Entitled “Wartime Prosperity? A Reassessment of the U.S. Economy in the 1940s,” Higgs looks well beyond the official numbers that Meyerson gives to see how Americans really lived under price controls. Regarding the official inflation numbers, Higgs writes:

In fact, conditions were much worse than the data suggest for consumers during the war. Even if the price index corrections considered above are sufficient, which is doubtful, one must recognize that consumers had to contend with other extraordinary welfare-diminishing changes during the war. To get the available goods, millions of people had to move, many of them long distances, to centers of war production. (Of course, costly movements to areas of greater opportunity always occur; but the rate of migration during the war was exceptional because of the abrupt changes in the location of employment opportunities.) After bearing substantial costs of relocation, the migrants often found themselves crowded into poorer housing. Because of the disincentives created by rent controls, the housing got worse each ear, as landlords reduced or eliminated maintenance and repairs. Transportation, even commuting to work, became difficult for many workers. No new cars were being produced; used cars were hard to come by because of rationing and were sold on the black market at elevated prices; gasoline and tires were rationed; public transportation was crowded and inconvenient for many, as well as frequently pre-empted by the military authorities. Shoppers bore substantial costs of searching for sellers willing to sell goods, including rationed goods, at controlled prices; they spent much valuable time arranging (illegal) trades of ration coupons or standing in queues. The government exhorted the public to “use it up, wear it out, make it do, or do without.” In thousands of ways, consumers lost their freedom of choice.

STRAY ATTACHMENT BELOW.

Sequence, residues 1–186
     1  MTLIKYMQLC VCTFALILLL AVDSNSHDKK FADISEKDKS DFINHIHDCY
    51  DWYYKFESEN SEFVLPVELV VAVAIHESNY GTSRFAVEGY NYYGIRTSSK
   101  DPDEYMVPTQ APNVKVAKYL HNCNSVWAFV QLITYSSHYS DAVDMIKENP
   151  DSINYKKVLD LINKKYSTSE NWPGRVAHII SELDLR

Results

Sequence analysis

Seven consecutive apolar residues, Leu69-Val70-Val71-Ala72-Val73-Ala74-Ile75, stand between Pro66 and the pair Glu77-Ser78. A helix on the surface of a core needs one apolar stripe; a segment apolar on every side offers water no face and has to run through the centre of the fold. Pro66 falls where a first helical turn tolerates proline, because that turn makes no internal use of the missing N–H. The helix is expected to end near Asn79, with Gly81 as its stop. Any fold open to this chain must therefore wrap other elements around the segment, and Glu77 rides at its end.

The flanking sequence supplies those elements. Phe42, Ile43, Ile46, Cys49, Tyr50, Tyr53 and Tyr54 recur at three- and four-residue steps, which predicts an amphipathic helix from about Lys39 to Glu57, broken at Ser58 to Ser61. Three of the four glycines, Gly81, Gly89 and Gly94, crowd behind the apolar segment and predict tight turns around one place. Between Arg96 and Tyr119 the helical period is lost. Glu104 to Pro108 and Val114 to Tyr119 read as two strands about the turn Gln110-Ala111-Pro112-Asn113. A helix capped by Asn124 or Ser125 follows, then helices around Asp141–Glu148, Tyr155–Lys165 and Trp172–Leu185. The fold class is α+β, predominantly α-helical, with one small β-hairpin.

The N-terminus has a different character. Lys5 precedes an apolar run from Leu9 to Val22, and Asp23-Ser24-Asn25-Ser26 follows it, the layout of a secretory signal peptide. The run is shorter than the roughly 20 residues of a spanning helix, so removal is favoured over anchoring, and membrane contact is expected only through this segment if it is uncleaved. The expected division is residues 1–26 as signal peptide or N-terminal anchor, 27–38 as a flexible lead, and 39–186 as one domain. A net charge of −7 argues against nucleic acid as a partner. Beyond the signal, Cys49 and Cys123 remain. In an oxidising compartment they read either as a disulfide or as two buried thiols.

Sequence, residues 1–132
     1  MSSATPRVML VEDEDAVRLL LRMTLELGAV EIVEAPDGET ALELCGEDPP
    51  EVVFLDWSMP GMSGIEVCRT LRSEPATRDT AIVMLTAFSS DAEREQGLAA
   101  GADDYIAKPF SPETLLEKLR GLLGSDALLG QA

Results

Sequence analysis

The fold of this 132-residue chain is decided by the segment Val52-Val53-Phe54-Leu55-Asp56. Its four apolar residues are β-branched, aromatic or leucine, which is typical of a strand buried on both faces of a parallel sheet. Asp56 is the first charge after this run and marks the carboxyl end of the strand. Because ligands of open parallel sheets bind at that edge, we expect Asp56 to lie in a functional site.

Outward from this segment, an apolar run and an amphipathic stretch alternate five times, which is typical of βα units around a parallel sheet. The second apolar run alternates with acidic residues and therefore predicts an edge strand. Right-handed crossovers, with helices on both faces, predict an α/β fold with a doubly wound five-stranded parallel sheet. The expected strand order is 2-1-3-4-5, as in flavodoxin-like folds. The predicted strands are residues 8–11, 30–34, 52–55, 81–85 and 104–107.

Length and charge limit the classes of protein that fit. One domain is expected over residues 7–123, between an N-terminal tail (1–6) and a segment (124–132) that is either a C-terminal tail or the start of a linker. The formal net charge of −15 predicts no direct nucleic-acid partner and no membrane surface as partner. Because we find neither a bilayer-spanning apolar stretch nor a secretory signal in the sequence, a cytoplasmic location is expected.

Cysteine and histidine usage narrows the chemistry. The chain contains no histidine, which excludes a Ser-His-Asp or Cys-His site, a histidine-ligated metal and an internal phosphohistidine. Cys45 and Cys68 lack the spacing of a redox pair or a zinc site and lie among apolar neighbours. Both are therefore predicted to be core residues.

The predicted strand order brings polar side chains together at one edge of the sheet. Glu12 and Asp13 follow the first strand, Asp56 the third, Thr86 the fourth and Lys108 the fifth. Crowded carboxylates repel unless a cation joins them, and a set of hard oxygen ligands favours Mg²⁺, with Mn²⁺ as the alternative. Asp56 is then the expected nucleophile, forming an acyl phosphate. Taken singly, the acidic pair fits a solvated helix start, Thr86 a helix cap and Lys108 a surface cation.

He adds:

People were also working harder, longer, more inconveniently, and at greater physical risk in order to get the available goods. The ratio of civilian employment to population (aged 14 and over) increased from 47.6 percent in 1940 to 57.9 percent in 1944, as many teenagers left school, women left their homes, and older people left retirement to work. The average work week in manufacturing, where most of the new jobs were, increased from 38.1 hours in 1940 to 45.2 hours in 1944; and the average work week increased in most other industries, too—in bituminous coal mining, it increased by more than 50 percent. Night shifts occupied a much larger proportion of the work force. The rate of disabling injuries per hour worked in manufacturing rose by more than 30 percent between 1940 and its wartime peak in 1943.

It is difficult to understand how working harder, longer, more inconveniently and dangerously in return for a diminished flow of consumer goods comports with the description that “economically speaking, Americans had never had it so good.”

Likewise, Meyerson does not remind his readers of the energy price control regime of the 1970s, which led to huge fuel shortages, long lines at the gasoline pumps, and huge disruptions in production. Then, like now, the progressives that supported price controls blamed “corporate greed” and “big oil” for the problems, not wanting to admit that price and allocation controls created the havoc that seemed to disappear once the government lifted controls in 1981.

Declaring that price controls were “successful” is reminiscent of the US end game strategy in the Vietnam War: declare victory and leave, paying no attention to what is happening on the ground. Likewise, the progressives and their socialist allies demanding yet another price control regime want to drag the rest of the country into their world of economic make-believe.

There is no doubt that if Joe Biden were to slap down price controls (declaring an “economic emergency” or something similar), such a move would resonate with at least some of the voters. Moreover, when the inevitable shortages and long lines appear, he can denounce “corporate greed” and he and his cabinet can look indignant at their photo ops. One suspects that the New York Times, Washington Post, and CNN would gladly jump on the bandwagon.

But none of these optics can hide the true costs of price controls. Progressives might control the media and the government, but they cannot control reality. Contra Meyerson, facts and economic theory have a long history of fitting one another.